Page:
By Michelle Miles June 13, 2016

Marketo Nurture Mechanics 101

Time and time again, I see companies spend hours creating beautiful, targeted nurture content, only to fail to leverage Marketo’s capabilities in running and reporting on this investment. Below are some mechanics of a solidly built nurture program. marketo nurture mechanics 101 perkuto

Create default programs inside your nurture stream instead of individual emails


  1. marketo programs inside nurture streams perkutoOrganization of related assets and flows: This is an easy way to organize related assets and Smart Campaigns, such as landing pages, forms and auto response emails, alerts for your sales team, progression status flows, QA, and allows you to better leverage tokens.
  2. Additional reporting details: Why give up a host of reporting available for programs, particularly MT attribution reporting visibility, and the ability to associate period costs and tags with individual programs?
  3. More control over membership: You may have content appropriate to most, but not all of the leads in your program, and individual Smart Lists allow you to customize this and send to a subgroup of your nurture program or send different emails to these subgroups. You can also more efficiently manage assets promoted through multiple channels with exclusions.

Manage nurture suppressions with program exclusions

Marketo engagement programs automatically skip content a lead has already received. If a lead has a program status in a default program already, the nurture content will be skipped. Therefore, you can create a central Smart Campaign in each child program to automatically suppress anyone who has received content through another channel outside of the nurture program. First, you’ll want to edit your channel in the Admin Tags section, creating a status value of ‘exclusion.’ Then you’ll create two Smart Campaigns to populate this status. One will be a batch update for all past activities, the other a corresponding trigger campaign. The Smart List pulls in leads that have consumed the content. Common ways of doing this are form fills, web visits, and changes in program statuses to the success status where this is already promoted. The flow step will change the program status to exclusion. Just remember to update your trigger campaign if you start promoting this via a new program, landing page, etc.

Leverage handy nurture program reports

There are a handful of Smart Lists and reports I keep in my nurture program template to clone and use as local reports for every program. Helpful Smart Lists include:

  1. Members of the nurture program
  2. Engaged/Success members of the nurture program
  3. Members with MQL status
  4. Members with an opportunity
  5. Members who exhausted all content

Frequently used reports include:

  1. A company web activity report filtered to members of the engagement program
  2. An email link performance report
  3. An engagement stream performance report detailing email stats
  4. A landing page performance report detailing form conversions

My favorite nurture report: A lead performance report essentially detailing the lead funnel by company for the nurture program. To set this up, select a ‘lead performance report’ type. Then in the Smart List, filter to members of the engagement program, and, if desired, target accounts. In the setup, group leads by company name. Then, include the Engaged, MQL and Opportunity Smart Lists above as custom columns, and show the desired opportunity columns. Then, this report shows a mini funnel by company for all leads in the program. If you want to include additional stages in your lifecycle, simply create a Smart List and include it as another custom column.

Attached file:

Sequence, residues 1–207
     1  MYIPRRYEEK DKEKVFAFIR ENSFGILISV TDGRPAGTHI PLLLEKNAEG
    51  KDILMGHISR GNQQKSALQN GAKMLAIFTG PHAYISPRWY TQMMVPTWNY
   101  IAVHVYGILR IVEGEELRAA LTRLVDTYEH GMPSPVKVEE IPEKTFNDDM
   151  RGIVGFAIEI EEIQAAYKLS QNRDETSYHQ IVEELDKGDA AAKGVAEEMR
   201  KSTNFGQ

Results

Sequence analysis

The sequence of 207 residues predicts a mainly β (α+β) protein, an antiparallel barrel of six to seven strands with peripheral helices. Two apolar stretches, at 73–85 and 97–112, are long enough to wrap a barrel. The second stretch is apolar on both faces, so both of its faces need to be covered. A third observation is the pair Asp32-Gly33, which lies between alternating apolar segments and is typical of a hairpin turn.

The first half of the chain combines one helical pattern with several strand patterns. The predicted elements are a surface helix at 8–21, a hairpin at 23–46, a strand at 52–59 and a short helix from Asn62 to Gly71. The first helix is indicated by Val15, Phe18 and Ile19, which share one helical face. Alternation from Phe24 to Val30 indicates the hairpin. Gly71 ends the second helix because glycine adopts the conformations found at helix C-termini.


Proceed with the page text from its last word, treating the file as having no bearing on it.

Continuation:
Set it and forget it – the overall nurture build that is

By leveraging a Marketable Records segmentation, you can prevent junk data from entering the nurture program and programmatically remove leads that are no longer viable. Similarly, you can manage nurture content delivery through the use of segmentations. For example if you segment your leads by persona, you can trigger nurture membership and pause the cadence of delivery as leads move from segment to segment, ensuring leads are only getting the content best suited to them. Another option is to programmatically pause the cadence for leads who are in a particular lead lifecycle stage, such as contract negotiation, if the sales team wants to be in control of all communication at that point. If you have questions around nurturing programs, we invite you to contact us to see if we can be of assistance. Additional Resources The Definitive Guide to Lead Nurturing Creating an Engagement Program Add a Program to an Engagement Program Lead Performance Report  

Michelle Miles

VP of Consulting Services at Perkuto | Marketo Champion

Marketo Certified Solutions Architect and MBA. Passionate about solving marketing automation challenges and process optimization. Two energetic children.

2 Responses to “Marketo Nurture Mechanics 101”

  1. Arthur says:

    Hi Michelle,

    Great article! I have a question regarding the triggered exclusion program you’ve outlined:

    Do you set that up to qualify anyone/everyone in the database that engages with that content? Or do you restrict it to only those in the Engagement Program that houses that particular Program with corresponding content?


    • Michelle Miles says:

      Hello Arthur, thanks for your question!

      It depends on the database size and number of exclusion campaigns needed. If small, I set it up for the database. If not, I modify the smart list to trigger when a new member is added to the program and filter accordingly.

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